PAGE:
By: Kevin Ong and Ashley Brake
Anthracnose is the common name of a disease that is caused by a group of fungi that produce similar symptoms in a wide range of host plants, including many kinds of trees and shrubs. On roses, the fungus, Sphaceloma rosarum, causes anthracnose, producing a variety of symptoms characterized by spots on the leaves of infected plants. If left untreated, this disease can cause severe defoliation.
- Small reddish-purple discolorations appear on leaf veins.
- Spots eventually turn dark with a thin, brown margin around the border.
- Leaf spots have smooth, distinct edges, unlike the feathery borders of black spot.
- Over time, the center of the leaf spots may turn gray and fall out, leaving shot-hole lesions (Fig. 1).
- Leaves turn yellow, wither, and fall prematurely.
- In severely infected plants, cankers can develop on canes or stems and girdle (encircle) the entire stem, resulting in dieback (branches die,beginning at the tips and progressing toward the trunk).
- Plants weakened by continuous defoliation and dieback are more susceptible to infection by other pathogens and to environmental stress.
The fungus Sphaceloma rosarum causes anthracnose of roses by infecting actively growing tissue.
Resilient spores may survive the winter in leaf spots,cankers, or fallen plant debris. From there, wind and spring rains spread the spores to young leaves, initiating infection and causing symptoms (Fig. 2). New spores produced in microscopic structures in the lesions on the leaves and canes spread to neighboring healthy plants by means of wind and water. Spores also spread through gardening or pruning practices or by insects moving from plant to plant.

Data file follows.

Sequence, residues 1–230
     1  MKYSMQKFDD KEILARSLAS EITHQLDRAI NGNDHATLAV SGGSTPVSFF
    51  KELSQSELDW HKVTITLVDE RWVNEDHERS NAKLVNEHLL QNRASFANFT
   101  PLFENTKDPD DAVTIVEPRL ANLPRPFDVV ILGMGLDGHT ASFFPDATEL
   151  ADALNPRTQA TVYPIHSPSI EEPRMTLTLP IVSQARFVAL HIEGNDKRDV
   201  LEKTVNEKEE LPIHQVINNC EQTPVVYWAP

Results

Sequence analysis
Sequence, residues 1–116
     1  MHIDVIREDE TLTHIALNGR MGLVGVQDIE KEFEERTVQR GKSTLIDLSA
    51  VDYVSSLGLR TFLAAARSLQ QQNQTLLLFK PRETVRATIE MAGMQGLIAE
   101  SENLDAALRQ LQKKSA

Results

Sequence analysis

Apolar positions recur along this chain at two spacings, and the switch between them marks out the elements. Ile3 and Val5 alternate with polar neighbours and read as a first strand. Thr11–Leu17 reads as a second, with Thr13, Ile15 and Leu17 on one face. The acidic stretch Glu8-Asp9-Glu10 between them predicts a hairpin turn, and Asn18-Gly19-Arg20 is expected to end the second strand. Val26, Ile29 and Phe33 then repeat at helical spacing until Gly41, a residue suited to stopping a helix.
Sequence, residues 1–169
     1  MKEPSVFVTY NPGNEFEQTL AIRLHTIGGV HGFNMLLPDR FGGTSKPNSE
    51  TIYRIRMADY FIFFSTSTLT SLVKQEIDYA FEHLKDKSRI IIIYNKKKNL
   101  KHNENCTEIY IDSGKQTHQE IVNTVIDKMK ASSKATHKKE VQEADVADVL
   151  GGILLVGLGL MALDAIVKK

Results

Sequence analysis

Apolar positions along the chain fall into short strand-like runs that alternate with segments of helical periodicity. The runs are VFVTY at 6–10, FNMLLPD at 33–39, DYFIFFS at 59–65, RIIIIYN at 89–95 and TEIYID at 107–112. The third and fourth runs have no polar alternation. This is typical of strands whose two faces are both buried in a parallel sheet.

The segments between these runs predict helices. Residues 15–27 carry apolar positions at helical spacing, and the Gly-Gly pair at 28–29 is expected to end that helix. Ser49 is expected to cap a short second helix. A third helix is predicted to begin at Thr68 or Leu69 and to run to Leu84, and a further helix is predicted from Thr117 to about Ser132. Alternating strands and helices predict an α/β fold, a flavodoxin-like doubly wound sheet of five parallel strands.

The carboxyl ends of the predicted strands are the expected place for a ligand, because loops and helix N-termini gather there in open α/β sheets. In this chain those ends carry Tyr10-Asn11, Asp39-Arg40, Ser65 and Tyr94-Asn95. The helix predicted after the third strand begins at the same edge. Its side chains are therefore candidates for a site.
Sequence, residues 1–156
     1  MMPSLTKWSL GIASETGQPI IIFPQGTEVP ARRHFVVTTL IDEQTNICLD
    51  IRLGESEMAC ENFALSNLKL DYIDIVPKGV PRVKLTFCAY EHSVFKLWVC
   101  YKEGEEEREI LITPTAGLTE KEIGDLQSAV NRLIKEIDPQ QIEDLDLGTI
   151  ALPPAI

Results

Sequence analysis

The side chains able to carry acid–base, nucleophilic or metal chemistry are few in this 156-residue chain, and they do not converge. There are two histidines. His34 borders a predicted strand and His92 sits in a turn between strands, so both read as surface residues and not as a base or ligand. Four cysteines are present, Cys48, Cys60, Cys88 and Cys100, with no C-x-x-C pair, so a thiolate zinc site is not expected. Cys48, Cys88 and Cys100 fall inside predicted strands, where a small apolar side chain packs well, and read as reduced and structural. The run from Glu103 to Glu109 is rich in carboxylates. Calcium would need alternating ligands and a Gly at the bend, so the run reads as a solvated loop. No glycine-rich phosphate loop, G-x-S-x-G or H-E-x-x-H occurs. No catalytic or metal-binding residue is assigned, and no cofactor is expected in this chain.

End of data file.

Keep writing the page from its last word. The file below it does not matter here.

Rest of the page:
Cool temperatures and high humidity favor infection and disease development. In Texas, anthracnose symptoms generally cease in the summer with the onset of dry conditions and high temperatures.
- Avoid planting roses that are susceptible to the disease, such as climbing, wild, and rambler roses, as well as some hybrid and shrub varieties.
- Avoid overhead watering, and space and prune plants to allow for good air circulation. This helps the foliage dry quickly and prevents stagnant, humid conditions that promote fungal growth.
- Clean and sanitize gardening tools between plants to prevent mechanical transmission of the disease.
- Regularly inspect rose gardens for symptoms since later stages of anthracnose can be confused with insect damage.
- Prune infected plants to remove unsightly branches and canes and to reduce spores that can cause new infections.
- Clear away and dispose of infected plant parts and fallen debris to prevent reinfection the following spring.
- Use fungicides such as those containing copper or sulfur to manage anthracnose. Conventional fungicides (products containing chlorothalonil, myclobutanil, or propiconazole) can be effective. Refer to product labels for proper rates and usage.
Download a printer-friendly version of this publication: Rose Anthracnose
Do you have a question -or- need to contact an expert?